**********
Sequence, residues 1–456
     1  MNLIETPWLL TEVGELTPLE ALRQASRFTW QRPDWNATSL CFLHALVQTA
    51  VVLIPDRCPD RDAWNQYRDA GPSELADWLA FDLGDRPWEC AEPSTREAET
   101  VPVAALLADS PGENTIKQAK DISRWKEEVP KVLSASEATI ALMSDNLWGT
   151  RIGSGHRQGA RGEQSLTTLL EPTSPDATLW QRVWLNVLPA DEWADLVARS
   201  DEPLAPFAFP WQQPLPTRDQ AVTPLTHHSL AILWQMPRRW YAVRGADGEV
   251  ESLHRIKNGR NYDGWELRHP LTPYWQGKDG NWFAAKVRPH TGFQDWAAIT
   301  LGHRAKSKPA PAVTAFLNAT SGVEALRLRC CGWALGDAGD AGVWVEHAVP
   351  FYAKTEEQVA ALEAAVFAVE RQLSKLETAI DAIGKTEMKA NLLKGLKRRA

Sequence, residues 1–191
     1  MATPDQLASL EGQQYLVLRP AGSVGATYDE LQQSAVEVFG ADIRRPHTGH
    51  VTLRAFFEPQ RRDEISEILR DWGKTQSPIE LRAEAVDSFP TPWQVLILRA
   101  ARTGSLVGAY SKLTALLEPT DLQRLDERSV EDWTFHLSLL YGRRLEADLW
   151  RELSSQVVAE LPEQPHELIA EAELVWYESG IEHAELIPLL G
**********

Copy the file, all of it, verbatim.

Sequence, residues 1–456
     1  MNLIETPWLL TEVGELTPLE ALRQASRFTW QRPDWNATSL CFLHALVQTA
    51  VVLIPDRCPD RDAWNQYRDA GPSELADWLA FDLGDRPWEC AEPSTREAET
   101  VPVAALLADS PGENTIKQAK DISRWKEEVP KVLSASEATI ALMSDNLWGT
   151  RIGSGHRQGA RGEQSLTTLL EPTSPDATLW QRVWLNVLPA DEWADLVARS
   201  DEPLAPFAFP WQQPLPTRDQ AVTPLTHHSL AILWQMPRRW YAVRGADGEV
   251  ESLHRIKNGR NYDGWELRHP LTPYWQGKDG NWFAAKVRPH TGFQDWAAIT
   301  LGHRAKSKPA PAVTAFLNAT SGVEALRLRC CGWALGDAGD AGVWVEHAVP
   351  FYAKTEEQVA ALEAAVFAVE RQLSKLETAI DAIGKTEMKA NLLKGLKRRA

Sequence, residues 1–191
     1  MATPDQLASL EGQQYLVLRP AGSVGATYDE LQQSAVEVFG ADIRRPHTGH
    51  VTLRAFFEPQ RRDEISEILR DWGKTQSPIE LRAEAVDSFP TPWQVLILRA
   101  ARTGSLVGAY SKLTALLEPT DLQRLDERSV EDWTFHLSLL YGRRLEADLW
   151  RELSSQVVAE LPEQPHELIA EAELVWYESG IEHAELIPLL G